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Friday, September 21, 2007

Revit Wall Library

Are you trying to set up Revit Architecture for your company? If so, creating wall families can be a time consuming part of your task. I have a possible short cut for you. USG's web site has lots of walls, acoustical ceilings, and custom ceilings available for you to download. They have created just about their entire library of walls and ceilings in Revit format that you can download for free.




You can download the entire wall library, or search for a particular wall that meets your needs. Once downloaded, you will see that they are .rvt files (Revit Template files). You can start a new project, and browse to open the particular template that you are looking for. Here is a view of the available wall templates.




This brings up a good topic to discuss... How are you creating wall libraries? I have worked with several firms that are trying to tackle this issue. Your first thought might be to simply load them into your standard template. That is okay if you don't mind working in a large template with extra families that may never be used. Walls are project created families. You cannot have external files of walls like you do for other families (i.e. doors, windows, furniture.) I have found that the easiest way to have a library of walls is to create a separate project that is stored on your network that has nothing but wall families created in it. Users can open this project and find the wall they want to use and simply use the Copy/Paste command to copy the wall to their current project. I would create a view in this "wall project" that lists all the walls in an order that everybody understands. It could be similar to the way USG has created their files, as shown below.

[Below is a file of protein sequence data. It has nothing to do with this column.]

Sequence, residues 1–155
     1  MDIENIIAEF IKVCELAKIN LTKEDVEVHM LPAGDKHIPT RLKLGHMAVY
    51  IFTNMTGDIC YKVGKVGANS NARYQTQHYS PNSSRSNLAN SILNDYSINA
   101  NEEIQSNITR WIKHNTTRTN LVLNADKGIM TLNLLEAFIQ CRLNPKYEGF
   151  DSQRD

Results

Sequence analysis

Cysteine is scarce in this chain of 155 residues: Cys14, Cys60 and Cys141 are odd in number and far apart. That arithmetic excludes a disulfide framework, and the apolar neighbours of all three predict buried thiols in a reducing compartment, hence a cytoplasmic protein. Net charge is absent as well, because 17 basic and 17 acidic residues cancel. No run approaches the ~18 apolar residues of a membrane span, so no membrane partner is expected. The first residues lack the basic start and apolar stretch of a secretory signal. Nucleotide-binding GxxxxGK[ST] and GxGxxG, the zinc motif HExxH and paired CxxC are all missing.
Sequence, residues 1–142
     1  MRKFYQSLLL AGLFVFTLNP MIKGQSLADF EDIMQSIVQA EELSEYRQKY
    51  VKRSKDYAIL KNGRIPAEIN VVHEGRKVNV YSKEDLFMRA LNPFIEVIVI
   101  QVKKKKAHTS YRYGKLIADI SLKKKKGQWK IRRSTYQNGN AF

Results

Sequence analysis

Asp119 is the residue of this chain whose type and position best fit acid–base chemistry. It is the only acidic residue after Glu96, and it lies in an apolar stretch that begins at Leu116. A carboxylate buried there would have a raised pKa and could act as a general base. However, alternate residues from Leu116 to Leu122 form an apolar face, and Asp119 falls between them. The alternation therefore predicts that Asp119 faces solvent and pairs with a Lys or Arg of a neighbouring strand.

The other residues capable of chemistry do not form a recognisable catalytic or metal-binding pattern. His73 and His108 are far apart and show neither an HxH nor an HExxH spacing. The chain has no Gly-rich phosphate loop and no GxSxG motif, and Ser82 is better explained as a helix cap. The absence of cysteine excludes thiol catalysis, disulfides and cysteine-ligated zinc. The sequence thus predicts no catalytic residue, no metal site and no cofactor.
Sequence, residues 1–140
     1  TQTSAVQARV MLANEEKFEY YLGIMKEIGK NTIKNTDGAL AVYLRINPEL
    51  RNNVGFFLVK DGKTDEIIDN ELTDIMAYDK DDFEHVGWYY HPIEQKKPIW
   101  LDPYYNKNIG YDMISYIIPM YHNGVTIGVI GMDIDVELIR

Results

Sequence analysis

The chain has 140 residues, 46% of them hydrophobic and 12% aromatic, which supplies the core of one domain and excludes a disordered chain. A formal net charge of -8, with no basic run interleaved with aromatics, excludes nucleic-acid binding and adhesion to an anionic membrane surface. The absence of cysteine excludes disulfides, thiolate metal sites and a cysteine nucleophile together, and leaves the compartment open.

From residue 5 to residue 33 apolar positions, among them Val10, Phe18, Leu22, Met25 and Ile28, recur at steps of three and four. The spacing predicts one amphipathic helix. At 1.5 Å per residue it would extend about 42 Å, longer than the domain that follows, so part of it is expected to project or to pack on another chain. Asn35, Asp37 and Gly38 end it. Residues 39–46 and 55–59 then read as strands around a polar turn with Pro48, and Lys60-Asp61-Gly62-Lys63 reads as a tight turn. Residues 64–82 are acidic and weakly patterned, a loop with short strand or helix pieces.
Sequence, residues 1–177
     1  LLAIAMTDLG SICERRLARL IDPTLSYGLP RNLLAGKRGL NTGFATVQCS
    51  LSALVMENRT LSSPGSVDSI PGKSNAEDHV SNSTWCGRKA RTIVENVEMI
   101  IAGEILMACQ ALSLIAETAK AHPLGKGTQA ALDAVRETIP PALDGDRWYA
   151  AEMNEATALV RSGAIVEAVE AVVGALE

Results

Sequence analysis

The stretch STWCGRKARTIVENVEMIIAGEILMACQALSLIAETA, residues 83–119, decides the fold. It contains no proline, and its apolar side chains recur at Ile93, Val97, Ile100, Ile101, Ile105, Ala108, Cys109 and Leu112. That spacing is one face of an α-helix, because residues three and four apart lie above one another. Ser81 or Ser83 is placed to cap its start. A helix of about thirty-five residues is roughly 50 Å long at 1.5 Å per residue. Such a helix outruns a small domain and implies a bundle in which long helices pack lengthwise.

I think manufacturers are finally realizing that Revit is here, and here to stay. I look forward to other companies making Revit content available in addition to the standard .dwg format. But until all manufacturers grasp this concept, you can continue to use my two favorite web sites to grab content for your project. If you have not already, check out Revit City and BIM World. They contain lots of information. Just be careful what you get for free, because sometimes what looks correct is not always the case. For example, I am working with my church to develop plans for a new multi-purpose building, and I downloaded a basketball court to use. Lo and behold, when I pulled down my nifty Graphic Standards, I found that the court was 10' too small.

1 comment:

Sarah said...

I believe the floor size of basketball courts is relatively unregulated. You may notice courts seem to vary from gym to gym.